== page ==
Boots & Sabers

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1630, 07 Aug 15

Appeals Court Rules for Gun Ban on Madison Buses


A state appeals court on Thursday agreed with a Dane County judge who ruled last year that a Madison city policy banning guns on city buses does not violate Wisconsin’s concealed carry law.

Wisconsin Carry, a gun rights group, contended that state law preempted the policy. But the state 4th District Court of Appeals said that, as written, state law doesn’t bar the rule, which prohibits guns on Metro Transit buses.

“Applying the language of (the state statute) as written, we agree with the circuit court and the city that the statute plainly preempts only ‘ordinances’ and ‘resolutions,’ ” Judge Paul Lundsten wrote for the three-judge panel. “And, we agree, it is clear that the bus rule is not an ‘ordinance’ or ‘resolution’ under case law providing generally accepted meanings for those terms.”

The Appeals Court may be right. Clearly the Madison bus policy violates the spirit of the law, but it might not violate the actual language. But by that standard, any city could pass gun bans and just call them “rules” or “orders” or “policies” or whatever to get around the law. The legislature should take it up in the Fall to revise the statute to be more clear what the intent is. Perhaps something like, “public entities shall not take any action that has the effect of restricting the carrying of concealed weapons wherever state law allows.”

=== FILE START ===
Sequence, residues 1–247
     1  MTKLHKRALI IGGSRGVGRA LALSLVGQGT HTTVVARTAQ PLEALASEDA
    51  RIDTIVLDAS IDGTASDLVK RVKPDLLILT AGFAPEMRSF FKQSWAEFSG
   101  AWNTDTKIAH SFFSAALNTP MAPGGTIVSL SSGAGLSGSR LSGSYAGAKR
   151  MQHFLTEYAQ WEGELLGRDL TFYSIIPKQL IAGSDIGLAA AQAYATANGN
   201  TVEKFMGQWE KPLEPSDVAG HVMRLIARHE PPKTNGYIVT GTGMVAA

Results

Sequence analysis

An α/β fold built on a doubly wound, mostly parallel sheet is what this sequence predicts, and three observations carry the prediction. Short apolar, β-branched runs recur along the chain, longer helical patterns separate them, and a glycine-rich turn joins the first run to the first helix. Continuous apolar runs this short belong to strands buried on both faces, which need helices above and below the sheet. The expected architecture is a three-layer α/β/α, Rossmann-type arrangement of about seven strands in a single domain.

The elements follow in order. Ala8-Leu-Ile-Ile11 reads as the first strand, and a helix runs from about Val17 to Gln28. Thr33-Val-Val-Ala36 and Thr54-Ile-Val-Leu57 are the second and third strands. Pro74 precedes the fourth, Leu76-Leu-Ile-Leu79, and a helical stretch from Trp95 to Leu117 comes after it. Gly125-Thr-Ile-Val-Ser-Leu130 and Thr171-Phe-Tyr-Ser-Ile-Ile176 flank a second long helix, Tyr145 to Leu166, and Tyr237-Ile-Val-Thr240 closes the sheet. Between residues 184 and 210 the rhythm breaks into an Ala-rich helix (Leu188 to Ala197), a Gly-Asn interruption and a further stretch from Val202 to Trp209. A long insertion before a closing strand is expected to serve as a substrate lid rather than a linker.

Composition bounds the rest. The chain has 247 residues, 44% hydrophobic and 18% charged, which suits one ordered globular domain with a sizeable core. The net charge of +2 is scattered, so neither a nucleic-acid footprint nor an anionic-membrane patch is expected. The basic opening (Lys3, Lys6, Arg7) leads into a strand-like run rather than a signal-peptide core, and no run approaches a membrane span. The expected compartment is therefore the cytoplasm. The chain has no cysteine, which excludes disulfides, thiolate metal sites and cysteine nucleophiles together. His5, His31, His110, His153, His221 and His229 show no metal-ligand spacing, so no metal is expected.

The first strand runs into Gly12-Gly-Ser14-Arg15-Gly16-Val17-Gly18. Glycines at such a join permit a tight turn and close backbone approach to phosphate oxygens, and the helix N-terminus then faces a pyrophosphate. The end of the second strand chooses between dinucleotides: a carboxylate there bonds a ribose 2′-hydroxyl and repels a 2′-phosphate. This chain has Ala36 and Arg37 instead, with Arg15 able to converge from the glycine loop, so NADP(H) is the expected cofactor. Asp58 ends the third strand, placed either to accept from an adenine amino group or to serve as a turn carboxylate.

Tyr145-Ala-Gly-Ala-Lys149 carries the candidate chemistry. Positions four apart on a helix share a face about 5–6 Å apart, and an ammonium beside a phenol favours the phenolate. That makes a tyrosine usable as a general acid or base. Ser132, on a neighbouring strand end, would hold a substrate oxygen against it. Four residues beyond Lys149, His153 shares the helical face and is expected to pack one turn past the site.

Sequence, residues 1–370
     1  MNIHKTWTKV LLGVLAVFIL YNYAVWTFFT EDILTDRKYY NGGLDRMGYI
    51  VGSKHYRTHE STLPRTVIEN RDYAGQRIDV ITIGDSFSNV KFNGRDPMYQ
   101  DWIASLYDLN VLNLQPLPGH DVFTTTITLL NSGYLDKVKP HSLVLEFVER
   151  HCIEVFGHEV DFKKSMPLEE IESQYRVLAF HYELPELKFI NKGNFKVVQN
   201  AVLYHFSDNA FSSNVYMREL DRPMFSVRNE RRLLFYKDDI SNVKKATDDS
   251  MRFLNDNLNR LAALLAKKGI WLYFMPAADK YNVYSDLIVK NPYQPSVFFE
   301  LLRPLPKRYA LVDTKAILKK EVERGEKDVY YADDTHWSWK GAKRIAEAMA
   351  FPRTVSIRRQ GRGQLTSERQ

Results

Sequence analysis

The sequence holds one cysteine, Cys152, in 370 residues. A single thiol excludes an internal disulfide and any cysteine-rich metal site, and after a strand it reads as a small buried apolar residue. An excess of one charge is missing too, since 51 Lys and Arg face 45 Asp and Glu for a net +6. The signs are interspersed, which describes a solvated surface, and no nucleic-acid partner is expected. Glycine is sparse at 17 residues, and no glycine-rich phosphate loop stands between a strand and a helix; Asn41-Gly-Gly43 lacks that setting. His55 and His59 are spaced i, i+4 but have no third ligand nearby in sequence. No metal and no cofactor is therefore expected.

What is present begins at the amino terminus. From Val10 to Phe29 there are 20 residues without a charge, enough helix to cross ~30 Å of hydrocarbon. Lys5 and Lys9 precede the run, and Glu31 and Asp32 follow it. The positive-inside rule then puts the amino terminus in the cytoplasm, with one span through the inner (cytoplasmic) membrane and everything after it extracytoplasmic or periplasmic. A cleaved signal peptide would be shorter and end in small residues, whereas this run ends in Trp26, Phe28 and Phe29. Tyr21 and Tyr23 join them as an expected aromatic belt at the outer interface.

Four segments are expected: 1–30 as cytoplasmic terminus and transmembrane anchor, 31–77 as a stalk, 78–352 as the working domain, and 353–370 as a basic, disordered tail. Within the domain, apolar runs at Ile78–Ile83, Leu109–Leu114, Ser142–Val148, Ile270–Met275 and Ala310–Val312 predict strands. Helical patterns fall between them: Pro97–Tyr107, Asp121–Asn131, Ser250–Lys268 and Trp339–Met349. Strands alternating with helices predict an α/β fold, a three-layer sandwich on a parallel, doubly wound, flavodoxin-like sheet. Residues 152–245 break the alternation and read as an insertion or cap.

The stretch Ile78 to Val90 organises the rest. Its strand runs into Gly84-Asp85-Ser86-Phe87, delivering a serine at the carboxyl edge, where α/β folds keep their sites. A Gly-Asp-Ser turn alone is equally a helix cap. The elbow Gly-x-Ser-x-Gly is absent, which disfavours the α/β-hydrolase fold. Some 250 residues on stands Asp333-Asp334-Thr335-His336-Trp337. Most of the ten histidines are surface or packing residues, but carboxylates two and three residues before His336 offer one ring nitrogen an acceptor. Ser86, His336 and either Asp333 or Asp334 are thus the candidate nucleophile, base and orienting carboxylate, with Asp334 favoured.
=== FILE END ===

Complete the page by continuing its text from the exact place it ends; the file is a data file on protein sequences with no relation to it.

With a Republican legislature and governor, I would think this minor change should be quick and easy.


1630, 07 August 2015

1 Comment

  1. Mike

    Two questions.
    1. How can a “rule” “order” or “policy” contrary to state law be enforced?
    2. Can an official making a rule, order, or policy that is contrary to state law be prosecuted for misconduct in public office?

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